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October 22, 2021

Synthetic doses subjects in Phase I trial of therapy for GI diseases

The multiple-ascending dose trial will assess the repeated doses of SYN-020 in up to 32 healthy adults.

Synthetic Biologics has initiated enrolment and dosed eight subjects in a Phase I clinical trial of SYN-020 intestinal alkaline phosphatase (IAP) to potentially prevent and treat gastrointestinal (GI) diseases.

Formulated for oral delivery to the small intestine, SYN-020 is a recombinant bovine IAP.

The ongoing, placebo-controlled, multiple-ascending dose (MAD) Phase I trial will assess the safety, tolerability and biodistribution of repeated doses of SYN-020 in up to 32 healthy adult subjects.

They will be categorised into four sequential arms of eight each to receive either oral twice-daily 5mg, 15mg, 45mg or 75mg doses of SYN-020 for 14 days.

Synthetic will conduct a safety analysis, on concluding each arm, to assess if advancing to higher doses is feasible.

Topline results from the trial are expected in the second quarter of next year.

A Phase I single-ascending dose (SAD) clinical trial of SYN-020 that enrolled 24 healthy adult subjects concluded recently.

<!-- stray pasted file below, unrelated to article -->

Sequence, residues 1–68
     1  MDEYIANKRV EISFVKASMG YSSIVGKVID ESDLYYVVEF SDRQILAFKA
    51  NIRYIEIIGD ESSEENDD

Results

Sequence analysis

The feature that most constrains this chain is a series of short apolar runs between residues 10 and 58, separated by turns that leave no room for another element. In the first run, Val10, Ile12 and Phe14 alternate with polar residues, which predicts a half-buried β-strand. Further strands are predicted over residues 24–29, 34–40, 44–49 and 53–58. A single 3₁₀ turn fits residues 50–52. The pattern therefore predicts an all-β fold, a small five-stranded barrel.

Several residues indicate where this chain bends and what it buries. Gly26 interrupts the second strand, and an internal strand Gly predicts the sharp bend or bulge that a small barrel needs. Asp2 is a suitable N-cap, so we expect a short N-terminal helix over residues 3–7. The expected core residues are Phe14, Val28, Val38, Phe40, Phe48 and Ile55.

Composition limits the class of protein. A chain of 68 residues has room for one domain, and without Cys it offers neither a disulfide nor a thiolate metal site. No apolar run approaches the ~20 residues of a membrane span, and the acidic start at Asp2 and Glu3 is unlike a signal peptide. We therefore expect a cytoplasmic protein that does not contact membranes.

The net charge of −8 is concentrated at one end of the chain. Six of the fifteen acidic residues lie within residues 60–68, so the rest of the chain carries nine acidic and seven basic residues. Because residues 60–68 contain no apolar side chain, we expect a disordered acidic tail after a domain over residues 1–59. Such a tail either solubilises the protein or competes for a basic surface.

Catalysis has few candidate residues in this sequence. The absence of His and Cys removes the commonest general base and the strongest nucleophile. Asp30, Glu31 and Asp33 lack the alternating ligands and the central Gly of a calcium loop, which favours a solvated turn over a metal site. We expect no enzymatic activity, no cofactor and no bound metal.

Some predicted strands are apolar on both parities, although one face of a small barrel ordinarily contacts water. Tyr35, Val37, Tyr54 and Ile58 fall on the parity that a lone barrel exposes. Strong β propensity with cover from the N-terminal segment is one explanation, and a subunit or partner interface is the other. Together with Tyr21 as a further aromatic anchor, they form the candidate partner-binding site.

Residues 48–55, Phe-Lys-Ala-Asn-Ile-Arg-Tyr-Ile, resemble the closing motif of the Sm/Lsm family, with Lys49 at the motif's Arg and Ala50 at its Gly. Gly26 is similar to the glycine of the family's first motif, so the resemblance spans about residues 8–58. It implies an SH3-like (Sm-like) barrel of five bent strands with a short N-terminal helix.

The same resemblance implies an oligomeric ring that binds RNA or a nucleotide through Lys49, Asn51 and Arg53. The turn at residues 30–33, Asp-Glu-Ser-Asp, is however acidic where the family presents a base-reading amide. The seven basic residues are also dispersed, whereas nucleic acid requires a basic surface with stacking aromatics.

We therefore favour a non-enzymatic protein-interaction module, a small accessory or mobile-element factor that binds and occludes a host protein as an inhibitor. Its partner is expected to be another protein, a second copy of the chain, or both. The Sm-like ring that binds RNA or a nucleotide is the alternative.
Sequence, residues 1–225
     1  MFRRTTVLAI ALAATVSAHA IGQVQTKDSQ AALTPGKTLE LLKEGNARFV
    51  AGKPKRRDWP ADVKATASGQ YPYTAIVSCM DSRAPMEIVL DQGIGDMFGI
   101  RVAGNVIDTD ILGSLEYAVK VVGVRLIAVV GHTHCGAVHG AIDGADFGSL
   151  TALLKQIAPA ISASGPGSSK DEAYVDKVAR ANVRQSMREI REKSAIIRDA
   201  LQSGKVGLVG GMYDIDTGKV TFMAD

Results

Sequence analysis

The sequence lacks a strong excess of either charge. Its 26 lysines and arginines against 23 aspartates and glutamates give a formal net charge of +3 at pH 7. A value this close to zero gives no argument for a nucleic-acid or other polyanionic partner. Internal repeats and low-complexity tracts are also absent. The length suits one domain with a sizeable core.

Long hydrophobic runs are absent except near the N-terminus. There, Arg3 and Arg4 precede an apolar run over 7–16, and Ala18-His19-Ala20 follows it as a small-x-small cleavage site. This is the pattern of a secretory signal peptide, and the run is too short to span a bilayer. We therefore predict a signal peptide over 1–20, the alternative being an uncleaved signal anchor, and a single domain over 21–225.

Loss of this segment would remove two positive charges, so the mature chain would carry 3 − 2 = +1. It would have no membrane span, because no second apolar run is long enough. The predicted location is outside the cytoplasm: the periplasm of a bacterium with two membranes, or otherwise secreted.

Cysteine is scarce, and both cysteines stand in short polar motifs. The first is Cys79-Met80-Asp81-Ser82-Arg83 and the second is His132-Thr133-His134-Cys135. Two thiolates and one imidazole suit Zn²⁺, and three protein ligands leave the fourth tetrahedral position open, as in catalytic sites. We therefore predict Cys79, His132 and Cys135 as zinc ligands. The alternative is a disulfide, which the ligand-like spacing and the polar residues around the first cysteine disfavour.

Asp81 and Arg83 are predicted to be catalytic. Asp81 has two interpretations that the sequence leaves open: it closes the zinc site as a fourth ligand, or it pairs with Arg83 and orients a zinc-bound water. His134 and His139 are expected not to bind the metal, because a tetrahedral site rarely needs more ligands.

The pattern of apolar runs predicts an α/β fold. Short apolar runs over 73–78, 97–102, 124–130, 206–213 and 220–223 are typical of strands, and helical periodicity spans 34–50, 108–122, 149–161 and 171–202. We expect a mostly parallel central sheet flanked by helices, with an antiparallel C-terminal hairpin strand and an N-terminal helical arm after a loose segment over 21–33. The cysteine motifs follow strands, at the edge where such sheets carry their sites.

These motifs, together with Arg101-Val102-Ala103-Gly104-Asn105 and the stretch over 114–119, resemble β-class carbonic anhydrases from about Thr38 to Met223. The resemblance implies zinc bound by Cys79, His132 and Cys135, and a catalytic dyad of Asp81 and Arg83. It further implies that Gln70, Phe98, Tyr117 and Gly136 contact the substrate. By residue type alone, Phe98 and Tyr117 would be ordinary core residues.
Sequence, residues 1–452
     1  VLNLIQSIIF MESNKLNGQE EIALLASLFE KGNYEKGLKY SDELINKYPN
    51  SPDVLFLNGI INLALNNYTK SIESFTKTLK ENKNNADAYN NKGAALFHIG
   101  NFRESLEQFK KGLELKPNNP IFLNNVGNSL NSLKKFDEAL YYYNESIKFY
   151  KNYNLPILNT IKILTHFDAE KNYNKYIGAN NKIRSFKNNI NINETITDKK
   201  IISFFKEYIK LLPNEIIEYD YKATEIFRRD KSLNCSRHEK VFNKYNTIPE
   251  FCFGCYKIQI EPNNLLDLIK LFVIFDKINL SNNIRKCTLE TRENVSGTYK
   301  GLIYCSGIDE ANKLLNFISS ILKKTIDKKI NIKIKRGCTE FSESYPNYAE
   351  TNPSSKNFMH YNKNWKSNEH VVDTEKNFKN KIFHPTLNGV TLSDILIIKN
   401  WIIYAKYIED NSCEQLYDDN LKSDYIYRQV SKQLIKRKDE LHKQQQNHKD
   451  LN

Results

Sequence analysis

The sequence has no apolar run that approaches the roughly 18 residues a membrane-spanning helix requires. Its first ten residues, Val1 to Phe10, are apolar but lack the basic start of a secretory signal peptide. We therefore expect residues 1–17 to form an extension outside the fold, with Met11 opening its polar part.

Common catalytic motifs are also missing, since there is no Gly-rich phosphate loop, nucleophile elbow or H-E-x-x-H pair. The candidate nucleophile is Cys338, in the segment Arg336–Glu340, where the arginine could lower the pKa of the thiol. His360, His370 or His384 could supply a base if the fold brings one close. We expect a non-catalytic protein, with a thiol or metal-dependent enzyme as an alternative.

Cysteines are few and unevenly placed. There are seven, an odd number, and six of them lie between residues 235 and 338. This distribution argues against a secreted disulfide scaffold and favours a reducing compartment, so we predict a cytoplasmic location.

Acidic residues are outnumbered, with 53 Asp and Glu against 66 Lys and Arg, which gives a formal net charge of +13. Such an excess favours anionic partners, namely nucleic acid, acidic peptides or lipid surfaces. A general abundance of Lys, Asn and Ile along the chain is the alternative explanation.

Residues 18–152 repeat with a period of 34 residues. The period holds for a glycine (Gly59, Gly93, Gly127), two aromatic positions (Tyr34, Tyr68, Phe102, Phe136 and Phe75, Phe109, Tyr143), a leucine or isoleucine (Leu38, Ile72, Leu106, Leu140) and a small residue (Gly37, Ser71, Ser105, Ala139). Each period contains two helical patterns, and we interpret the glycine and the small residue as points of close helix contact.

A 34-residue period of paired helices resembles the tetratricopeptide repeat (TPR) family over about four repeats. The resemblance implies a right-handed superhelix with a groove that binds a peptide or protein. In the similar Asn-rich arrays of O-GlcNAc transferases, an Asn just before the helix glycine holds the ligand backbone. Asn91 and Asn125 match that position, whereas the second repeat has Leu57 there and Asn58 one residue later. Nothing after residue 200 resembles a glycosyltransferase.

These participants were categorised into four arms to receive single oral doses of SYN-020 ranging from 5mg to 150mg.

Initial data analyses showed that SYN-020 had a favourable safety profile and was well-tolerated at all tested doses in the trial.

Furthermore, no adverse events and serious adverse events linked to the treatment were reported.

Synthetic Biologics CEO and chief financial officer Steven Shallcross said: “We are excited to announce the initiation of the Phase I multiple-ascending dose clinical study, which is an important milestone in furthering the clinical development of SYN-020 for multiple potential indications.

“SYN-020 is a promising, versatile programme that we believe has enormous potential to help address a considerable need for innovative new therapies targeting disorders that stem from immune and inflammatory damage to the intestine, including celiac disease, non-alcoholic fatty liver disease (NAFLD), age-related metabolic and inflammatory diseases, and radiation enteropathy.”

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